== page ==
The Case for Compression

Why do we need to improve quality of life while drastically reducing resources?

Society faces many complex challenges that can be reduced in size and scope by doing better with less.

The case for Compression rests on no single, clinching thread of evidence. That for practical purposes the world is finite should be self-evident, yet optimistic bias in the simplest of financial formulas for compound interest presumes growth; perhaps unending growth. Presuming that a higher price will bring a greater quantity to market assumes that more can be had – somewhere, somehow. But if no more can be had at any price, a market in any conventional sense no longer is possible. That is, recognition that we live in a physically finite world turns many of our rules of economics, and for living, upside down.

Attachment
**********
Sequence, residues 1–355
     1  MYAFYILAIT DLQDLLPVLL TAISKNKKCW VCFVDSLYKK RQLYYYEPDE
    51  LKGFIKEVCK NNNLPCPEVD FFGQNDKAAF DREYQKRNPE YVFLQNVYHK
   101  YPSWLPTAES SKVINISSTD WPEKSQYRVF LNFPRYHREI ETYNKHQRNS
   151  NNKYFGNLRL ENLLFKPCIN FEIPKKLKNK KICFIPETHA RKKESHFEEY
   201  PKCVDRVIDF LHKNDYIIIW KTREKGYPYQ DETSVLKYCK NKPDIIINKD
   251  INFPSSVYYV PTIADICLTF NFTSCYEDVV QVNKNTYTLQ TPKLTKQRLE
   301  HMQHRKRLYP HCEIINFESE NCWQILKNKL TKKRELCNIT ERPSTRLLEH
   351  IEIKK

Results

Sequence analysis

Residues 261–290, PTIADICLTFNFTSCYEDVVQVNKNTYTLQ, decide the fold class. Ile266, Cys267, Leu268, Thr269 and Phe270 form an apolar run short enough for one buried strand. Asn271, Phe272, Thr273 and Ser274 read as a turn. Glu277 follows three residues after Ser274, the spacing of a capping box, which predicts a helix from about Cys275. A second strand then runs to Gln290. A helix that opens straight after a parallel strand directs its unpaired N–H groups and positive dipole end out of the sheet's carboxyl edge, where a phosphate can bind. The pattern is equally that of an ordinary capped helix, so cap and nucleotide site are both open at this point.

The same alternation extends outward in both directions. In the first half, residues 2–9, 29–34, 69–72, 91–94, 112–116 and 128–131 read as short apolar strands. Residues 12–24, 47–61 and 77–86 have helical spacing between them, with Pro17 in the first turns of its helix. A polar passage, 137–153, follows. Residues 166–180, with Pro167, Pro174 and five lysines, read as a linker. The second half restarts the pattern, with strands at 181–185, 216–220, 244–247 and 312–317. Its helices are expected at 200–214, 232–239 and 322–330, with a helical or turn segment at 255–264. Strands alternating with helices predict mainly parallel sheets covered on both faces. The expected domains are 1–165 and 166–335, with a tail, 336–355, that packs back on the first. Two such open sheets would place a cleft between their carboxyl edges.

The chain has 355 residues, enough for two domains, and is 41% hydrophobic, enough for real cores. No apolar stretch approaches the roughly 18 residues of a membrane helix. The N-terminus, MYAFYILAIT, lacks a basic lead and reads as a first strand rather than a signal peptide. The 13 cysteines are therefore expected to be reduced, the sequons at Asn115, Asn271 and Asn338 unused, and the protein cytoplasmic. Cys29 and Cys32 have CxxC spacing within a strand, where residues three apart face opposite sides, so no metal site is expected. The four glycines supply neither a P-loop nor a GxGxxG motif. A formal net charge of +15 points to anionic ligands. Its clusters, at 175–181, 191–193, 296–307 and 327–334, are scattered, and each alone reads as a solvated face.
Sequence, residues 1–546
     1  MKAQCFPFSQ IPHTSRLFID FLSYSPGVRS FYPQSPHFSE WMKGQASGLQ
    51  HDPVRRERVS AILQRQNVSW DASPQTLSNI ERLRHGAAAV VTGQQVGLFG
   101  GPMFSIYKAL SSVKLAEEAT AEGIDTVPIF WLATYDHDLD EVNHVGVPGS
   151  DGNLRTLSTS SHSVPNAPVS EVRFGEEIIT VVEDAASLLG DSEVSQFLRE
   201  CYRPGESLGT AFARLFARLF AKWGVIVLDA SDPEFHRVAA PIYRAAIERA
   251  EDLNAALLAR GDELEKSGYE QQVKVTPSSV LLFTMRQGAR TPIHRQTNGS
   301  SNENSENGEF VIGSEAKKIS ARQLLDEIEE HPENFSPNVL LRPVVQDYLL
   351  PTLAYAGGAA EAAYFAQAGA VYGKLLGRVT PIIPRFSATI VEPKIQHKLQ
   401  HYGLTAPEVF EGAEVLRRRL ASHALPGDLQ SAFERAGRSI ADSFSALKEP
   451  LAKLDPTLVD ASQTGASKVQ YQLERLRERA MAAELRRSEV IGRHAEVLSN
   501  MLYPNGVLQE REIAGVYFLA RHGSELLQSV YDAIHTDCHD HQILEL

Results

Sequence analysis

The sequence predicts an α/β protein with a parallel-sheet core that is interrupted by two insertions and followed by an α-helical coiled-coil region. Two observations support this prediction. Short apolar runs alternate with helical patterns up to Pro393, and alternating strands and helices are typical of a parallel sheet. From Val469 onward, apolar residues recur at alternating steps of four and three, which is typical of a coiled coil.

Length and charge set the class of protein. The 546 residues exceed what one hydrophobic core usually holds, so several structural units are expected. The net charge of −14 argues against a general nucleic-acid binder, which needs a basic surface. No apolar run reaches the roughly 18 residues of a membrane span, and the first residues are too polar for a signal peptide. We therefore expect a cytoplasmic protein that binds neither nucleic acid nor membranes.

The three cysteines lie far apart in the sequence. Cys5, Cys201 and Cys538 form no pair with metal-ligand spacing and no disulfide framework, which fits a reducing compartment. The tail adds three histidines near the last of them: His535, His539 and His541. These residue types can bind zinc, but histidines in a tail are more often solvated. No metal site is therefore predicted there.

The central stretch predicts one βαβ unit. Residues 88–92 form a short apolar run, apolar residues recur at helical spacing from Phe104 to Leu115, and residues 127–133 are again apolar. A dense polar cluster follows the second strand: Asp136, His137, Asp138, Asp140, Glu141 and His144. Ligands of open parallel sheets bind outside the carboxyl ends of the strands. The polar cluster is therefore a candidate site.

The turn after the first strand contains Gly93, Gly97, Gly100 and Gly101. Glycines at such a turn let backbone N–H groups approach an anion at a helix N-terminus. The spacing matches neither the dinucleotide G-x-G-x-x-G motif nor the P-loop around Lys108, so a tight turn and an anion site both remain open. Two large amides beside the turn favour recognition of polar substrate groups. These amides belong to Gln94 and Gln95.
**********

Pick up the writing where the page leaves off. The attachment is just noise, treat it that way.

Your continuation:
We’re not in that kind of world yet, and may not be for years, but humans keep globally consuming more resources at a faster rate. Humans do not change quickly, and unless we begin to act, the consequences of this will be on us before we learn to cope. Why?

The scattering of issue headlines on a fractal image is intended to crudely illustrate that all these issues interrelate. Exactly how things will play out is not precisely predictable.  These issues have been classified in four headings in the four colored balls (finite resources, precarious environment, global pushback, excessive consumption).

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